One fascinating aspect of the game that I have enjoyed playing thus far is the different identities you can take throughout the game. The premise is you start as a faction (I choose England, check out my second blog post) and the goal is to create alliances and control so much territory through negotiation and conquering. What I have found neat are the different characters you get to play through. Example one a diplomat:
Above is a picture of a Scottish diplomat who interacted with my diplomat and is offering trade rights to increase both our cash flows. It is so fascinating because I am not happy with Scotland. My most recent saved part of the game is a Scottish commander building an army near my capital, London (I know I sound nerdy). However, there is an investment much like Gee talks about in his article. Gee believes that “deep learning requires an extended commitment and such a commitment is powerfully recruited when people take on a new identity they value and in which they become heavily invested” (Gee 32). I have felt that identity and commitment as my fiancée can vouch I may be spending a little too much time playing and discussing my strategy to rid of Scottish nuisance. The difficulty I face is the more I demand the more they want back so if I demand regular payments they may want my map information then they can see where my other strongholds are.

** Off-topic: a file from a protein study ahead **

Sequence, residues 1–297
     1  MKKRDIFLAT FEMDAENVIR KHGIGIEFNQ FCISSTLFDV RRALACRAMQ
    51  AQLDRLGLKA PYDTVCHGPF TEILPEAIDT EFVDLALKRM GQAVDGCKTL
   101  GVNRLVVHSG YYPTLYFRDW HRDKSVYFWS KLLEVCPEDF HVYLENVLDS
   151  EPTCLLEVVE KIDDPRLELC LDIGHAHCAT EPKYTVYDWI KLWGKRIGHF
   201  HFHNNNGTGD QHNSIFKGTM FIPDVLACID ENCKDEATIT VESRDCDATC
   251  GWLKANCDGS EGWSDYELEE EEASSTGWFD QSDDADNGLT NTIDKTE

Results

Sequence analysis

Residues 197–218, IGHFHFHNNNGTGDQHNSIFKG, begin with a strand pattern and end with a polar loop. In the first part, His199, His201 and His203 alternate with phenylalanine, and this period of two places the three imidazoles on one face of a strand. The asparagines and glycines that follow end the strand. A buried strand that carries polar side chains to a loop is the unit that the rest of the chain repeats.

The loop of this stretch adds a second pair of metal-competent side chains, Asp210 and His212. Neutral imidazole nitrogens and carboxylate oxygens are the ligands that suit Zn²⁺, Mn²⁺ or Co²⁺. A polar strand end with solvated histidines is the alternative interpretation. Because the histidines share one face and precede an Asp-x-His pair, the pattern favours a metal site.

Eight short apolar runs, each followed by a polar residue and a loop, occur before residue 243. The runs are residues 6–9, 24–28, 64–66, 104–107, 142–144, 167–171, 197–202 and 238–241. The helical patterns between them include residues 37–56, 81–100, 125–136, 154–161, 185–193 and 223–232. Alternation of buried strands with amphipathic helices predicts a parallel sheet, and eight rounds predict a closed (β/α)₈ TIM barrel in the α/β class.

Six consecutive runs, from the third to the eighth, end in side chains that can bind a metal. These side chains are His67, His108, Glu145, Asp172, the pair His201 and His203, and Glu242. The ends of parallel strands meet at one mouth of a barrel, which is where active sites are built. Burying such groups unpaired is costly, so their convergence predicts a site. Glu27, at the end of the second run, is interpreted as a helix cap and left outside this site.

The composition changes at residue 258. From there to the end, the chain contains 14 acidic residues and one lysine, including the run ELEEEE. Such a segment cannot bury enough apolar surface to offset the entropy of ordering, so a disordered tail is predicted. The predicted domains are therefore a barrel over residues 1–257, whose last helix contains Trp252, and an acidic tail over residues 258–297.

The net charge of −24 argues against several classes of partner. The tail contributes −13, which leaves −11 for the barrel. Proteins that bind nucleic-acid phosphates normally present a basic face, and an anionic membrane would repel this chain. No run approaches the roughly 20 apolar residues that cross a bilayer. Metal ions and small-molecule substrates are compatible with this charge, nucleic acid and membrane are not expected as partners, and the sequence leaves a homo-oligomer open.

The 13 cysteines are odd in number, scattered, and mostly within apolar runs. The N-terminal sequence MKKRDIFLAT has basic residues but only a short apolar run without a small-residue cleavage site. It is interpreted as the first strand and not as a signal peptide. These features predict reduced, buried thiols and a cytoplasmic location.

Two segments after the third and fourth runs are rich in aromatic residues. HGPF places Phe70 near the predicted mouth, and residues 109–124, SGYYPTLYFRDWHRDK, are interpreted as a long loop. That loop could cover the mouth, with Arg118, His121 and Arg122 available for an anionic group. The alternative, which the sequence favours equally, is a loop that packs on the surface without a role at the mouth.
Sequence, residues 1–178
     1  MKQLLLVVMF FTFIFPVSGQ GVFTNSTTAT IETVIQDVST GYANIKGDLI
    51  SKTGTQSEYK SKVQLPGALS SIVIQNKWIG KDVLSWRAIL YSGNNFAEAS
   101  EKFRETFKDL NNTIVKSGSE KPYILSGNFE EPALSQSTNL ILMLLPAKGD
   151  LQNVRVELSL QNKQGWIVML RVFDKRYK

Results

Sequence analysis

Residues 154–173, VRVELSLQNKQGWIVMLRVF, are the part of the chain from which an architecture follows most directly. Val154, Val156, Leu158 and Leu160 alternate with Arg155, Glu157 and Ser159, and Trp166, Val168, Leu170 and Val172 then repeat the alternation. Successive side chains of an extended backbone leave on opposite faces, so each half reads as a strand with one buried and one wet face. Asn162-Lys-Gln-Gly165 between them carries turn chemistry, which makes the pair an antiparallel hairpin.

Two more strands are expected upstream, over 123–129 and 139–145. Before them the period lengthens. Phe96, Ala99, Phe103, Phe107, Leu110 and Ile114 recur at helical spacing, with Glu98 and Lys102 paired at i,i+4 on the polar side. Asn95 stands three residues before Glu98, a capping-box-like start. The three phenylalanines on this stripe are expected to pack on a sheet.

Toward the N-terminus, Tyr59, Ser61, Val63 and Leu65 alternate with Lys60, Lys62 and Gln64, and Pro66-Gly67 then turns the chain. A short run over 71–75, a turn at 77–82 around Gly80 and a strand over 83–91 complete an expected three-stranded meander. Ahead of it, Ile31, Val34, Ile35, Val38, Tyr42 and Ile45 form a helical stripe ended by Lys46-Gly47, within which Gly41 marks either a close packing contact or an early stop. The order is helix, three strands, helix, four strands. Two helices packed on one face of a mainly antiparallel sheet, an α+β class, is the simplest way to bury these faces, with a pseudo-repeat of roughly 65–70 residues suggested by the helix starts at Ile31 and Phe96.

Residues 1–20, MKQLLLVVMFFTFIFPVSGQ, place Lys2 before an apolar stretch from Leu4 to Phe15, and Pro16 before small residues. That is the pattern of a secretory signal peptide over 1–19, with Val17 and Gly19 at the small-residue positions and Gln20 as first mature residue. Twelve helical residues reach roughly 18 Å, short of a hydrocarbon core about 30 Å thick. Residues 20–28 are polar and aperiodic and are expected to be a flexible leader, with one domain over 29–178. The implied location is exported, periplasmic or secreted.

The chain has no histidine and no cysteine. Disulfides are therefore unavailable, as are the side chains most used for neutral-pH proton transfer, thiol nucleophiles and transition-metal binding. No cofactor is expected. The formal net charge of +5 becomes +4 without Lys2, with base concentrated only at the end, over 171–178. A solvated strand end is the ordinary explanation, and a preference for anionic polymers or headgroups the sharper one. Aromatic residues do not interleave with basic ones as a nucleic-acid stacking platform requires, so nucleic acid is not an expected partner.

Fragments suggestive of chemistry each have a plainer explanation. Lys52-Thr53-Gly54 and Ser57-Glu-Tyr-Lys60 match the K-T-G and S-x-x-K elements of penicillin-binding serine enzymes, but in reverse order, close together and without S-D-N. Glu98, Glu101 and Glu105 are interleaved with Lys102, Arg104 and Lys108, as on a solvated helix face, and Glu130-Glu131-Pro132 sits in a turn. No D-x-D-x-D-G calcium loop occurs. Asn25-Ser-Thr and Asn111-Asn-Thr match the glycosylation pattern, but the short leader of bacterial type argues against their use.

Another fascinating identity that users can take is the part of a military leader, which can be seen in the picture below. There is a lot of thought that I have found to be fun and conflicting. What units different strengths are, and although the game is virtual I have thought to myself about the sacrifice different units are making, and is it worth the sacrifice? Or moving a unit that is certainly going to lose, but it is for a greater good. I am telling you I have thoroughly enjoyed the amount of involvement I have put into the game.